English verb inflection template nit

I have observed two styles of using the verb inflection templates:

  • {{third-person singular of|[[word]]}} which creates:
  Template:third-person singular of
  • {{third-person singular of| word}} which creates:
  Template:third-person singular of

So the template can swallow both styles. The only odd bit is the addition of the "to" in the second example, a subtle but significant difference in my opinion.

It seems to me likely that wiktionary probably has chosen one style or the other, and is in the midst of converting. It is not clear to me which is the preferred style. As luck would have it, I encountered the first style initially most often. I generally saw the second style that used the infinitive "to ..." at the end of the definition only in verbs that didn't use the template at all. I have started seeing the second style now where the template is used and that has raised the question of which is the approved style since the second style is the simplest to type, i.e. what I would expect in a template.

If this is documented somewhere, just aim me in the right direction I just haven't stumbled across the definitive answer yet. Makearney 01:38, 23 June 2007 (UTC)

I've been told that the {{third-person singular of|[[word]]}} style is preferable, because of the way our statistics work; if we rely on the template to assemble the link, then the entry is treated as a dead-end page and doesn't count toward our total number of "real" pages. —RuakhTALK 02:27, 23 June 2007 (UTC)
Thanks, I'll stick with the first style unless I hear major noise otherwise. Makearney 22:07, 24 June 2007 (UTC)
I've just observed that only inflection template:
{{third-person singular of| word}}
inserts the "to" . The others namely:
{{present participle of| word}}
{{past participle of| word}}
{{past of| word}}
do not. This suggests that the intent is that the "to" is not intended.Makearney 23:05, 24 June 2007 (UTC)
I suspect that it's a hold-over from an earlier version. The other templates were fixed when the current form was decided upon, but that one template wasn't. --EncycloPetey 23:12, 24 June 2007 (UTC)
"to" is now consistently absent from {{third-person singular of}}. Rod (A. Smith) 00:11, 25 June 2007 (UTC)

Whilst we’re on this subject, could someone please sort out the inability of the {{present participle of|}} template to link to sections? That is, if I write {{present participle of|word#English|word|lang=English}}, it breaks the template, meaning that I have to write only {{present participle of|word|lang=English}} instead — this error does not occur with the other verb form templates. † Raifʻhār Doremítzwr 12:54, 25 June 2007 (UTC)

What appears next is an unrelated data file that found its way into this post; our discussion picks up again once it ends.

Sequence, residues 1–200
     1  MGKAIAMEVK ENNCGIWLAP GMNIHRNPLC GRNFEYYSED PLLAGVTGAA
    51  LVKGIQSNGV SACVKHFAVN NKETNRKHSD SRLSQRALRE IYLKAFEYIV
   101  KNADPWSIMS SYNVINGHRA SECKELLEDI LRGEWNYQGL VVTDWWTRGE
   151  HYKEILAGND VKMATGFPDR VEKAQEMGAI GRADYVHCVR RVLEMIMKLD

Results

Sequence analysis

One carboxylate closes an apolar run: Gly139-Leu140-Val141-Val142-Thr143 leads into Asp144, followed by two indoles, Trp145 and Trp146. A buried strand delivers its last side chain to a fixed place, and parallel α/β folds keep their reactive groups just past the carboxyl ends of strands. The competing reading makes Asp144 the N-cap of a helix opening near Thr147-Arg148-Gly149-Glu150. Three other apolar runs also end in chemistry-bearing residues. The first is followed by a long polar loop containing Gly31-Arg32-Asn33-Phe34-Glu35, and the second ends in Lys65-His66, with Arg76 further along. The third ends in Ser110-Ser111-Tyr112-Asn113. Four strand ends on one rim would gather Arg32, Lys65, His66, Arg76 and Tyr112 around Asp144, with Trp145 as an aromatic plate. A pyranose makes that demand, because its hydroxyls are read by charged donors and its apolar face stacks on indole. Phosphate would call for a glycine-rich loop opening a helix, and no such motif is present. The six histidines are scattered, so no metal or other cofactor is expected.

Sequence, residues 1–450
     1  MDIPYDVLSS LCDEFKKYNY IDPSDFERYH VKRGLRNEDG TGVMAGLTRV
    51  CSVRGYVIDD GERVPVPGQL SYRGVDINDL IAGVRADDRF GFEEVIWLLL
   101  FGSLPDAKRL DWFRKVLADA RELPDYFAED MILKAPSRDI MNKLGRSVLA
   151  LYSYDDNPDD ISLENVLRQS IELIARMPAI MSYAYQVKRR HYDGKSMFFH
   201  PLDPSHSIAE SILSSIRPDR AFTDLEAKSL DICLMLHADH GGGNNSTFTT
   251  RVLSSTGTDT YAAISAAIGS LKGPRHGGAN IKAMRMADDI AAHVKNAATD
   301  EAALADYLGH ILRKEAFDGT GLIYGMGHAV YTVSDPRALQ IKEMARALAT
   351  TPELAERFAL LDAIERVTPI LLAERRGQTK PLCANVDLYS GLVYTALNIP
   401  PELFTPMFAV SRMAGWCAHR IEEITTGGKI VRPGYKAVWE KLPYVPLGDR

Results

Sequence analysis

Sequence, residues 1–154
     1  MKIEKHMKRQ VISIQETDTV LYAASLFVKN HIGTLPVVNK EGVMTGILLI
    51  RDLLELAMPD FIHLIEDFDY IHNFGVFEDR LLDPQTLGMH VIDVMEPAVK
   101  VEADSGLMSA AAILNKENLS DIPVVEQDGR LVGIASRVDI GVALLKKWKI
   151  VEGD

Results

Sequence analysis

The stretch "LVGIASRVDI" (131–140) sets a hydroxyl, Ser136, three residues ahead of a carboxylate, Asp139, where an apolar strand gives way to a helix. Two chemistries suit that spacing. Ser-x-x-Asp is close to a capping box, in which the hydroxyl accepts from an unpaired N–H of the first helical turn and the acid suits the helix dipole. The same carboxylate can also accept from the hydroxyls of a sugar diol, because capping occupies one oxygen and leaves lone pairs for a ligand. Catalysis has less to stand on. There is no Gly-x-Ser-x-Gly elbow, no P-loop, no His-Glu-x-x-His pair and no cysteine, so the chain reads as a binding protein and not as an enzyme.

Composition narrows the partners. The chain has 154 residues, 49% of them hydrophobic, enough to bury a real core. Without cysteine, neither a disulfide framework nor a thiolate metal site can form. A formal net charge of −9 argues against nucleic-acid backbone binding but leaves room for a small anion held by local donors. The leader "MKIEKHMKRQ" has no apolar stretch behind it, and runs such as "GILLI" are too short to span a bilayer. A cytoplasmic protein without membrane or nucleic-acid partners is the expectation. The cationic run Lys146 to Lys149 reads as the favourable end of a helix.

Featured entries

I didn't find featured articles in Wiktionary. Please, give me link. Thanks. --AKA MBG 12:53, 27 June 2007 (UTC)

What featured articles? We have "word of the day" and "words in the news" - both linked from the "Selected Entries" section of the front page. SemperBlotto

The Word of the Day is always displayed on the Main Page. --EncycloPetey 19:32, 27 June 2007 (UTC)

Elephant family

is an elephant mammal/ manatee within the same family as a platapus? —This unsigned comment was added by Bernard (talkcontribs) at 00:08, 28 June 2007 (UTC).

No, but Wikipedia's Platypus and Manatee articles will be more helpful for your type of question. Rod (A. Smith) 01:48, 28 June 2007 (UTC)

More re: English verb inflection

I first discovered three verb inflection templates below the "save page" line in the edit window. They cover

  1. third person singular
  2. present participle
  3. simple past and past participle.

Notably absent were templates for simple past and past participle alone. Ultimately, I needed both but fortunately needed "past participle" first and hazarded a guess that {{past participle of}} would work. It did. So, when I encountered a case where I needed past tense alone, I finally managed to geuss that the template {{simple past of}} existed and did the job